Gross margin after the price reduction (with a $900 sales increase)         $5,900 x 0.2265 = 1,336.35
Now there is a slight gain in total gross margin.


       Remember that having the “lowest price in the market” image can’t get you higher prices
for higher quality products. Having a “value” image is to reach an optimal combination of
quality, service, information and price. Price competition in a market situation with multiple
similar sellers in one location can cause severe consequences.
   The following are some pricing strategies for Smart Marketers.
   •   Price-lining: Price-lining features products at a limited number of prices, reflecting
       varying product quality or product lines. This strategy can help smart marketers sell top
       quality produce at a premium price and an “economy line”, e.g., overripe or smaller




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    fruits. Price-lining can also make shopping easier for consumers and sellers because
    there are fewer prices to consider and handle.
•   Single-pricing: The single-price strategy charges customers the same price for all items.
    Items are packaged in different volumes based on the single price for which they would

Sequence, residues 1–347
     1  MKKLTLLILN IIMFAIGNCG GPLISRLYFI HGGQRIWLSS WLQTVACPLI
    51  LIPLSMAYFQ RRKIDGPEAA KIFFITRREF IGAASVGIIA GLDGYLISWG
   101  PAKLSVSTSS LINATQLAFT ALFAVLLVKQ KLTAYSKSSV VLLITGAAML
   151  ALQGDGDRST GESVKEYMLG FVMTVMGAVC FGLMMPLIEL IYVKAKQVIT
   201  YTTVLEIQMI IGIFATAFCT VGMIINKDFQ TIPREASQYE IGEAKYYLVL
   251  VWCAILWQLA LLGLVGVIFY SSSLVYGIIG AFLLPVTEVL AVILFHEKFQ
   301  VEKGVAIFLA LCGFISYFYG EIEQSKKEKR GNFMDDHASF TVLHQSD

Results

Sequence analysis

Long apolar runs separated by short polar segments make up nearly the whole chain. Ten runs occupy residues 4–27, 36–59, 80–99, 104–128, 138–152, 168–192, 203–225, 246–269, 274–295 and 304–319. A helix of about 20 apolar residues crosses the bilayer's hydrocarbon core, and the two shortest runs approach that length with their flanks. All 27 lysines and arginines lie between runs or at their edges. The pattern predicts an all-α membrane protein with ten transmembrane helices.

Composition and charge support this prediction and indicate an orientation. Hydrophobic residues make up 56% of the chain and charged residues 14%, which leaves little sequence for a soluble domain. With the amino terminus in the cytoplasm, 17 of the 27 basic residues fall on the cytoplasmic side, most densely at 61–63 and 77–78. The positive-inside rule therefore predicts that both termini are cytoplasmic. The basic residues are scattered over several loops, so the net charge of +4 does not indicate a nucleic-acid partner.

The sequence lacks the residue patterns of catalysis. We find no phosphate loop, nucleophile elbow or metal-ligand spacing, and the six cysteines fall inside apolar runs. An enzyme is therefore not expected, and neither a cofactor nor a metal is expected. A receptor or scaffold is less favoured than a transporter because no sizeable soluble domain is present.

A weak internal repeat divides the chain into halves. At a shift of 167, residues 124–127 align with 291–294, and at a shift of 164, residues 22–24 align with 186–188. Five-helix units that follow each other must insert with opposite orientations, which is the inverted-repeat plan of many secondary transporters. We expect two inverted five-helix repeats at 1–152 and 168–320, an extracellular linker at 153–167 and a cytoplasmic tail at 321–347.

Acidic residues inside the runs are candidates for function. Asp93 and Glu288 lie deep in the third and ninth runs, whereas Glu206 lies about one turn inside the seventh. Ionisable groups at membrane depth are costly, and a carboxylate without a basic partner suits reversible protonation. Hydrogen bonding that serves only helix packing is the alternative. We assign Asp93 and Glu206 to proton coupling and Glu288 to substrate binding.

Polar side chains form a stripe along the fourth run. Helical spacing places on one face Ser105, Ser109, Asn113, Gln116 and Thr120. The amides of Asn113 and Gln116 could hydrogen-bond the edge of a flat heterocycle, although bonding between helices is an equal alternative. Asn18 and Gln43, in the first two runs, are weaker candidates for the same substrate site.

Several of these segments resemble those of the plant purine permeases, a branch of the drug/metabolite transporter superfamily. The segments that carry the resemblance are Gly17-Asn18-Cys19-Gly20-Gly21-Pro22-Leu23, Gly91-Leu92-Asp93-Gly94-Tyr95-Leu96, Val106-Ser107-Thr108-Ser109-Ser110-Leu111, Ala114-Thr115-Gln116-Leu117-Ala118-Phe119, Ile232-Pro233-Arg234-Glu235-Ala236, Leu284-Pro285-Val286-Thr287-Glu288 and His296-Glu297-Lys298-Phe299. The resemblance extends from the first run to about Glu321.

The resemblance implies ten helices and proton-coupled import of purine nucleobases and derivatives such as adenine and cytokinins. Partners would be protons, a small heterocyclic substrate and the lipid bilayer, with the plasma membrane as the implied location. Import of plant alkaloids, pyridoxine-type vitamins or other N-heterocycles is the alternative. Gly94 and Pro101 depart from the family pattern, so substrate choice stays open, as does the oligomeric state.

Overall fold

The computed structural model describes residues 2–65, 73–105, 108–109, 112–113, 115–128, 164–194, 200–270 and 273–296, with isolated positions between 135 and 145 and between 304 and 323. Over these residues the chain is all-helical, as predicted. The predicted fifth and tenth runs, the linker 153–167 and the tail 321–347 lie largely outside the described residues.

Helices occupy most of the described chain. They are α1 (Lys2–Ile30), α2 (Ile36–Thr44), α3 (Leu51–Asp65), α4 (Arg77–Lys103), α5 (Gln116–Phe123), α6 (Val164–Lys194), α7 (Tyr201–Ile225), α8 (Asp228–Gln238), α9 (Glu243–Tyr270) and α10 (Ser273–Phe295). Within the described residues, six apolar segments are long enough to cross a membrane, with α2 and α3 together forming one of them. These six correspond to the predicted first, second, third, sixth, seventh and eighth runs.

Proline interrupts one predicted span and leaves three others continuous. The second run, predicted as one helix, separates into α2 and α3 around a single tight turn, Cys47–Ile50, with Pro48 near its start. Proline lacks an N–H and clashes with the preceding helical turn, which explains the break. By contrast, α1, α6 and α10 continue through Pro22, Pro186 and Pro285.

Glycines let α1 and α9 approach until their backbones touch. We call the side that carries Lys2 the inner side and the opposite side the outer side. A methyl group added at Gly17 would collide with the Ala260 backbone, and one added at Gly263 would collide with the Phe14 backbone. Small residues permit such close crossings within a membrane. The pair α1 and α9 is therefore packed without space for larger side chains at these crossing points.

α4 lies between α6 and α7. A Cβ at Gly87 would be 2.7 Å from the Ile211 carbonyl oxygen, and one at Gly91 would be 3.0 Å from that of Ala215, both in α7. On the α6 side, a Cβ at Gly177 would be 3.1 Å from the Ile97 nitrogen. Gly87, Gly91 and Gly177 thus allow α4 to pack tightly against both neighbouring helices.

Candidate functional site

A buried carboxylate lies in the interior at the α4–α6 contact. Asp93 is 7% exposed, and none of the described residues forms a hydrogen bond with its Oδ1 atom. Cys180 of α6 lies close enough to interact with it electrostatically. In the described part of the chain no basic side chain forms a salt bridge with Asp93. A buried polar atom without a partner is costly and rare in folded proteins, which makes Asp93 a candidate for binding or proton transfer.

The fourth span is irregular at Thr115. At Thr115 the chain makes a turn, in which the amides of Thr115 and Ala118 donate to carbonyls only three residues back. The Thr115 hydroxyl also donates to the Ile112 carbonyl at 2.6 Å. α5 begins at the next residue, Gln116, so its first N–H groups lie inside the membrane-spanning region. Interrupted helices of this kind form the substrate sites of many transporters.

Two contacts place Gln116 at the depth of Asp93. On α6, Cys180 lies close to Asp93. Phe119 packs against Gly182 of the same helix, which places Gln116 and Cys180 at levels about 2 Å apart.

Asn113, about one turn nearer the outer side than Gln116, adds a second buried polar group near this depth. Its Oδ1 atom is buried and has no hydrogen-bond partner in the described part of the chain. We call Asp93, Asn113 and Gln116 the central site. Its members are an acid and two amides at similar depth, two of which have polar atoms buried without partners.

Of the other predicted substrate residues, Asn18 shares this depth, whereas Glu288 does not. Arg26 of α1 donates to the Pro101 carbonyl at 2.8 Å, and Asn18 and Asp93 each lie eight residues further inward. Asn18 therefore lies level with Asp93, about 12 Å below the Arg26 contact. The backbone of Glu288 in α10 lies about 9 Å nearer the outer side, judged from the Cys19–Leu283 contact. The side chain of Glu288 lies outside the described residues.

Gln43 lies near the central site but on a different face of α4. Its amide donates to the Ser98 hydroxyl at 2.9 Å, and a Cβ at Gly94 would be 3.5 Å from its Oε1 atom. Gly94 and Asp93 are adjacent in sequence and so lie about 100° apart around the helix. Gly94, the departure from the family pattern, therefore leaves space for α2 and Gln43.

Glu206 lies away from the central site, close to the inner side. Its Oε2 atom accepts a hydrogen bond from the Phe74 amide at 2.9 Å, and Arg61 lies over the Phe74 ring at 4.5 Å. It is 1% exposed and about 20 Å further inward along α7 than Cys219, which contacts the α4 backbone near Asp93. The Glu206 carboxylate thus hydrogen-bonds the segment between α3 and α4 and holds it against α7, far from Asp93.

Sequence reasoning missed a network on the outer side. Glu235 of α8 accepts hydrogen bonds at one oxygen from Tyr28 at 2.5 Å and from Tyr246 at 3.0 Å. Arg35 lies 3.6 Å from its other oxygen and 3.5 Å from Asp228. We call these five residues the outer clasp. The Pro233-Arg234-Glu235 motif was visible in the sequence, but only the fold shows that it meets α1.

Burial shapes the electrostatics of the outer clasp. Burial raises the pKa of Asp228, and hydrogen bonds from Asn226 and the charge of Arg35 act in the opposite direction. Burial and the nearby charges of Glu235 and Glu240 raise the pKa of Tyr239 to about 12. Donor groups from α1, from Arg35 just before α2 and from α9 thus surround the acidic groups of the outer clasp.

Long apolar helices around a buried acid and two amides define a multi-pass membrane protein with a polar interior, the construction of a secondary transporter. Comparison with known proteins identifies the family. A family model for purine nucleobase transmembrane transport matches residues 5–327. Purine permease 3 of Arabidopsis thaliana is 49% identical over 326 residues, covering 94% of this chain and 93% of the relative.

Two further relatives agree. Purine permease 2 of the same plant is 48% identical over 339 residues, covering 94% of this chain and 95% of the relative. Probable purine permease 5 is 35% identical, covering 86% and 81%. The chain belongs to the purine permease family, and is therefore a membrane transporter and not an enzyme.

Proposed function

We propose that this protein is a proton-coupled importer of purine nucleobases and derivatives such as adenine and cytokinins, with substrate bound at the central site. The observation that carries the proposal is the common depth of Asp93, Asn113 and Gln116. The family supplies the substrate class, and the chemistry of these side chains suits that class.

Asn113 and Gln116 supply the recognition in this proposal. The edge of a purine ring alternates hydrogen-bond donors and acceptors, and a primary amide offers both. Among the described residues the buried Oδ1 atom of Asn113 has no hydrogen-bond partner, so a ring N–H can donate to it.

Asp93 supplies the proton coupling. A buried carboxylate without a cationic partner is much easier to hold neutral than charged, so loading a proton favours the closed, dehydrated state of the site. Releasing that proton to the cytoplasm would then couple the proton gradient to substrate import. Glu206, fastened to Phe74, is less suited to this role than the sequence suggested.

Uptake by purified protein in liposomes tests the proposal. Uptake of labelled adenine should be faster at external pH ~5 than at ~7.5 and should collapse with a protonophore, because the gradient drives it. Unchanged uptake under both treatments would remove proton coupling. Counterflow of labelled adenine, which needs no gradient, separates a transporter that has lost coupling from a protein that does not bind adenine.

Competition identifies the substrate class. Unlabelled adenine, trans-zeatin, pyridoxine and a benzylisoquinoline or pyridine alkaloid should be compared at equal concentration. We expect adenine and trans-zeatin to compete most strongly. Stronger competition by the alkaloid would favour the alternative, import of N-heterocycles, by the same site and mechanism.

be sold. With such a policy the variety of offerings is often limited. The strength is
    being able to avoid employee error and facilitate the speed of transactions. Also,
    customers know what to expect. There are no surprises for customers.
•   Loss-leader pricing: A less-than-normal markup or margin on an item is taken to
    increase customer traffic. The loss-leaders should be well-known, frequently purchased
    items. The idea is that customers will come to buy the “leaders” and will also purchase
    regularly priced items. If customers only buy the “loss leaders,” the marketer is in
    trouble.
•   Odd-ending pricing: Odd-ending prices are set just below the dollar figure, such as $1.99
    a pound instead of $2.00. Some believe that consumers perceive odd-ending prices to be
    substantially lower than prices with even-ending. However, it might not be suitable in
    some markets. For example, in a farmers’ market situation, products should be priced in